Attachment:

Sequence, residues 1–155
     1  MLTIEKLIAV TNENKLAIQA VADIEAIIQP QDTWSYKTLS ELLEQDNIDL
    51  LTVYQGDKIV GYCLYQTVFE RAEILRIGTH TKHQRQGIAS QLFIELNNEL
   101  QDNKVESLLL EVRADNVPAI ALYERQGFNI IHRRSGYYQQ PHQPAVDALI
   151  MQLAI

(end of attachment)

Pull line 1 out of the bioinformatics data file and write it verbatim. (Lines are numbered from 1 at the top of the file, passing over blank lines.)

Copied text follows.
Sequence, residues 1–155